Catherine went with him on his military campaigns, showed remarkable courage and was the only one who could calm Peter down when he had one of his rages. When Peter built a winter Palace and a summer Palace, they were for Catherine. After bearing his first child, she was received into the Orthodox Church and formally christened Ekatarina (Catherine.) In 1707 they married in a private ceremony at the Holy Trinity in St. Petersburg, however, Peter did not make his marriage to Catherine public until five years later in February 1712. That spring the summer Palace was finished and they moved in; it was their first home as man and wife. Of five children, only two girls had survived, Anna and Elizabeth, and these two little girls suddenly found themselves elevated to the status of Princess. Peter was absent many times for long periods, fighting against Charles XII of Sweden. When he returned in 1715, Catherine told him that she found a place not far from the city where she thought he might want to live. She led him to the countryside to a point eight miles from the city, where he could see the spires of St.Petersburg in the distance. "Here is the country Palace which I had built for you." Peter was very pleased, and the place became known as the Catherine Palace.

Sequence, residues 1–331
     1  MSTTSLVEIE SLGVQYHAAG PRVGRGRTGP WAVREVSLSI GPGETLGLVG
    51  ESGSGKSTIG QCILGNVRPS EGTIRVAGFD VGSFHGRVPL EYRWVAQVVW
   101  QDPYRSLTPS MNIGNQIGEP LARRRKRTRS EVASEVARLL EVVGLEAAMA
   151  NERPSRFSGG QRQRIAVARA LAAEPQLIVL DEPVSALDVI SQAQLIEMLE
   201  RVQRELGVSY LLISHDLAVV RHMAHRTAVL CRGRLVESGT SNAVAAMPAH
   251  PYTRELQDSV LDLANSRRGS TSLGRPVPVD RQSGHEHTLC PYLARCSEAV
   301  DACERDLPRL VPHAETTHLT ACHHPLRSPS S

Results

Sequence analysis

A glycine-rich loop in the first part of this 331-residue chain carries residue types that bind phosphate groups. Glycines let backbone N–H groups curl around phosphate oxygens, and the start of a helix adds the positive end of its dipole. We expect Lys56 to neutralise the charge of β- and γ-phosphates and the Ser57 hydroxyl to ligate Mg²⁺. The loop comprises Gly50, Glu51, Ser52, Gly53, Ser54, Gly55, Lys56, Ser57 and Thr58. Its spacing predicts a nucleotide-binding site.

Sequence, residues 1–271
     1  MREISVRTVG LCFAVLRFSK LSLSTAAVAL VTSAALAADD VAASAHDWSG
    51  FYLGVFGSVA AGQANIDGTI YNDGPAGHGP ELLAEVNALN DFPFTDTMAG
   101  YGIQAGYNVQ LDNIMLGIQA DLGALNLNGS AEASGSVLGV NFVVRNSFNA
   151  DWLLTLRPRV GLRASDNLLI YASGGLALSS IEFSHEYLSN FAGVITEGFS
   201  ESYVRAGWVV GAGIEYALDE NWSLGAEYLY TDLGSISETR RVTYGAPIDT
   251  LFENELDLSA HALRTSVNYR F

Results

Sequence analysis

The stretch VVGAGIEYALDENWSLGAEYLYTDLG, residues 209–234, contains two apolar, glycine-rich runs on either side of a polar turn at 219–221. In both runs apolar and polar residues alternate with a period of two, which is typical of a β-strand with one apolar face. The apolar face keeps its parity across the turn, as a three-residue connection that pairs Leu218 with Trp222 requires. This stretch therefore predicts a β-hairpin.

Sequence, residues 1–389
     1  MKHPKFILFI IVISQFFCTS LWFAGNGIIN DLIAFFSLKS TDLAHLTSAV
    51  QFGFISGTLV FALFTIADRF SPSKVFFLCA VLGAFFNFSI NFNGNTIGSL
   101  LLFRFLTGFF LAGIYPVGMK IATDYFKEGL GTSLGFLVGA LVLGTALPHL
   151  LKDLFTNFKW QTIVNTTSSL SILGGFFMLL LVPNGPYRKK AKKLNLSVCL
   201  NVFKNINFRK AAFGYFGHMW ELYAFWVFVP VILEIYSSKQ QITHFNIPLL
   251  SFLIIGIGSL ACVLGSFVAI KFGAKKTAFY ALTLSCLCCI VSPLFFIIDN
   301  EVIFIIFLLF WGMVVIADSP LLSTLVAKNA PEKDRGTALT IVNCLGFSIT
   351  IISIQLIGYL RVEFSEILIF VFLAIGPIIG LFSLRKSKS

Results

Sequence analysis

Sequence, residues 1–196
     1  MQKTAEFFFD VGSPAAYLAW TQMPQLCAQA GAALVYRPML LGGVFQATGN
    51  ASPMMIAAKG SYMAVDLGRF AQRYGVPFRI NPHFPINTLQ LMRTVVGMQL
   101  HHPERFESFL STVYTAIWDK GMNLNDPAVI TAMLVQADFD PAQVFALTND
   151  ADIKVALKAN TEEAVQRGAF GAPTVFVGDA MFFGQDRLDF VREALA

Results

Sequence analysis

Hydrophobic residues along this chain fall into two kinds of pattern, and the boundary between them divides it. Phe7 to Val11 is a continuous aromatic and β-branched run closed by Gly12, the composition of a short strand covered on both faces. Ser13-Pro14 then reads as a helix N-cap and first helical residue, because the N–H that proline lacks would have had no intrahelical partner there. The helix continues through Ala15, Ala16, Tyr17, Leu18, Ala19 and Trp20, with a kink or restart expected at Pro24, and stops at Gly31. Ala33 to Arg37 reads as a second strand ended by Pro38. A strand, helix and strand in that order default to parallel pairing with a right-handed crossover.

The Tsarevich Alexis

When Peter forced Alexis' mother into a convent, she kept her son with her. He had various tutors, including some priestly ones. He grew up estranged from his father and married a German Princess and sister-in law of the Austrian Emperor. After his wife died in childbirth, Alexis drifted into idleness. Peter had made many enemies among the nobility with his reforms, and some of these dissidents began to look to Alexis as their leader against Peter and the new Russia he was building. Peter was enraged by Alexis' disinterest in government. In 1715 he wrote his son, and heir, a letter threatening to disinherit him. Alexis in his reply offered to renounce the throne. Peter told Alexis that he would have to retire to a monastery, to diminish the threat of rebellion.

Alexis suddenly changed his mind. Invited by his father to join him on a trip to Copenhagen, he fled to his brother-in law in Austria. Peter was forced to act, as all Europe looked on. Alexis was coaxed back to Russia with promises of amnesty. In the Cathedral of the Assumption in Moscow, Alexis publicly renounced his claim to the succession. Just the same, he was imprisoned in the fortress of St. Peter and Paul on June 24, 1717. On the same day a court of 100 members ordered Alexis executed for treason. Before this could happen, he was put to torture. The archives of the fortress tell us: "the rack was applied at eleven oíclock, and that same day at six oíclock in the afternoon the Tsarevich gave up his soul."